Beyond Meat Sued for Misrepresenting Its Patties’ Protein Content

A consumer filed a class-action complaint against defendant Beyond Meat, Inc. on Friday in the Southern District of California alleging that the defendant “engaged in widespread false and deceptive conduct” when it misrepresented the protein content of its meat substitute products.

Beyond Meat, who is known for its plant-based meat substitute products, allegedly claims that its products provide equal or superior protein when compared to real meat. The plaintiff claims that this is false because two separate laboratories have conducted testing on the defendant’s products and in both cases the testing revealed that “Beyond Meat products contain significantly less protein than what is stated on the product packaging.”

According to the complaint, the plaintiff purchased the defendant’s products in January of 2020. The packaging of the defendant’s Beyond Burger Plant-Based Patties indicated that the product contained 20 grams of plant protein per serving and had a daily protein value of 40%.

The complaint notes that despite the labeling, the defendant’s patties only had 18 grams of protein and a daily protein value of 35%. The plaintiff asserts that if she had known that the labeling of the patties was false, she would not have purchased the product.

The defendant is required by law to use the Protein Digestibility Amino Acid Corrected Score (PDCAAS) as a way of calculating the protein measures that are represented on the label. The complaint posits that Beyond Meat used a less-sophisticated method to calculate the figures, which resulted in its stated protein amount and protein daily value percentage being false and misleading. The plaintiff also argues that Beyond Meat had full knowledge of the inaccuracies of the labeling since “it is routine practice in the food industry to regularly test products to confirm the accuracy of nutrition labeling.”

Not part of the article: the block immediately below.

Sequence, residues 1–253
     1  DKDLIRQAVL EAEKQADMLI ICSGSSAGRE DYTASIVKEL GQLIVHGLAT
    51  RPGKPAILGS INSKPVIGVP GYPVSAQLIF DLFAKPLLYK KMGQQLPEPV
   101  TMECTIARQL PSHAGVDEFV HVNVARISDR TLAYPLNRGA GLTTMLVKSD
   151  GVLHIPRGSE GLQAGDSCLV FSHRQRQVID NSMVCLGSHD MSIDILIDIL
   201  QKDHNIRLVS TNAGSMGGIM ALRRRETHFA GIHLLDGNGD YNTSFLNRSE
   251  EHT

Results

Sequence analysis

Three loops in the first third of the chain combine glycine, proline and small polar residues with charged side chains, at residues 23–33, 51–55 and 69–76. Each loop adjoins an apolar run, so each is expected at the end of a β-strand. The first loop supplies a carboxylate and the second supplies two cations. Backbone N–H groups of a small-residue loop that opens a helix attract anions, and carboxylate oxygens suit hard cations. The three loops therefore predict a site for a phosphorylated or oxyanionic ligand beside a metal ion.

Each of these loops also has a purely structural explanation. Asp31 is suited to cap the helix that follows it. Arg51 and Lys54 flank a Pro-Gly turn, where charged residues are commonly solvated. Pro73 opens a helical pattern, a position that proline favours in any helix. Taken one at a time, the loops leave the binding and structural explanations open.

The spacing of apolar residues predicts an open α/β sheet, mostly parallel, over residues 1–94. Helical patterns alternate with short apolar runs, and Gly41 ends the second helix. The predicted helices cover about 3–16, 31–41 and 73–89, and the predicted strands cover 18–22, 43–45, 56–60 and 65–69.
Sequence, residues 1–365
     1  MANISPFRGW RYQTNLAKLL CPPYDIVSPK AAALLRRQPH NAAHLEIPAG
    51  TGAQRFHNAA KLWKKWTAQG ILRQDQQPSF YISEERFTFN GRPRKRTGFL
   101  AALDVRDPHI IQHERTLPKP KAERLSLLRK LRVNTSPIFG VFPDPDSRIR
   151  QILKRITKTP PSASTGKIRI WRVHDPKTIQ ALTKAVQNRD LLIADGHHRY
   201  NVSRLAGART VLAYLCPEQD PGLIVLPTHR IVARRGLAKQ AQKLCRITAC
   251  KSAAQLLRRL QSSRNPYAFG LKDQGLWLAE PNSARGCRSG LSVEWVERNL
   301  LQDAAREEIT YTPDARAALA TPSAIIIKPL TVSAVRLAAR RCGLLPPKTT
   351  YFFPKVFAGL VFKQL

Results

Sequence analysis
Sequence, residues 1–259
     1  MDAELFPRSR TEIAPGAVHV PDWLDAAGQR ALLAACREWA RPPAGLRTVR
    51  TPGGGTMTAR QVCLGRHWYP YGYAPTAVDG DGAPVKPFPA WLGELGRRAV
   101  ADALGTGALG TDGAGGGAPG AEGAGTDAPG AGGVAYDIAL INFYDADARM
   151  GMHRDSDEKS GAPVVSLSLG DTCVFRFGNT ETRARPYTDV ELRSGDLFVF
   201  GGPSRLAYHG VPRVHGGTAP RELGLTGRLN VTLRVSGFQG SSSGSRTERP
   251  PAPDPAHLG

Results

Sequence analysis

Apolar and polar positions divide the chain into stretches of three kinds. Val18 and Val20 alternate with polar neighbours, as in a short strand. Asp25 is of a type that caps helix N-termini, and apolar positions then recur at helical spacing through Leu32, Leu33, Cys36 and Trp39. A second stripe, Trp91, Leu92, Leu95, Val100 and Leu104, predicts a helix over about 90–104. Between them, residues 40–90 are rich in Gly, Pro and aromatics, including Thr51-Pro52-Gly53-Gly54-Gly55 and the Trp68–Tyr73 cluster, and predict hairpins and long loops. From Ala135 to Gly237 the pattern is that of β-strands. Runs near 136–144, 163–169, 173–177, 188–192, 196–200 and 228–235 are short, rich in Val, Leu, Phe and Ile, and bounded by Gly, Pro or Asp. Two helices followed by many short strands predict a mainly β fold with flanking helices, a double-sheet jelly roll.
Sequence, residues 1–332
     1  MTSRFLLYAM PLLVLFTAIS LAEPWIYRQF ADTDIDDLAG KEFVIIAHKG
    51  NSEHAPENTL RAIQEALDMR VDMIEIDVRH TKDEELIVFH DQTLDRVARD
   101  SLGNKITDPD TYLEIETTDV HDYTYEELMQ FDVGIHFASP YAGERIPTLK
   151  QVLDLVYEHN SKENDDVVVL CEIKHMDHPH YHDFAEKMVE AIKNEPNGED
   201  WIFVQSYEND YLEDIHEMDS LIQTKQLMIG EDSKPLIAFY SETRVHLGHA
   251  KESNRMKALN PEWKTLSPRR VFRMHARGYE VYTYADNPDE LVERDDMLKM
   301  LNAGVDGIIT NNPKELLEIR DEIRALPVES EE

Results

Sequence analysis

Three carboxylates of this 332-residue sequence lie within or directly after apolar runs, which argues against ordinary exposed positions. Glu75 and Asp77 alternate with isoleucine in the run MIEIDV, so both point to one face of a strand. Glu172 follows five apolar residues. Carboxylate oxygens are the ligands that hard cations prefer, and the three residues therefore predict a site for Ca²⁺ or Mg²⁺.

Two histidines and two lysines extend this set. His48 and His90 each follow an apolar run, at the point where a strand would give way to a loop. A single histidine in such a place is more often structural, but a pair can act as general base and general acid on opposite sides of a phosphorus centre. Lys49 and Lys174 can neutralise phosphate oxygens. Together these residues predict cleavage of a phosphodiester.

The complaint cites a violation of the Consumer Legal Remedies Act and the California Unfair Competition Law and unjust enrichment.

The plaintiff seeks class certification, favorable judgment on each count, compensatory and punitive damages, prejudgment interest, restitution, equitable, monetary, and injunctive relief, litigation fees, and a trial by jury.

The plaintiff is represented by Bursor & Fisher, P.A.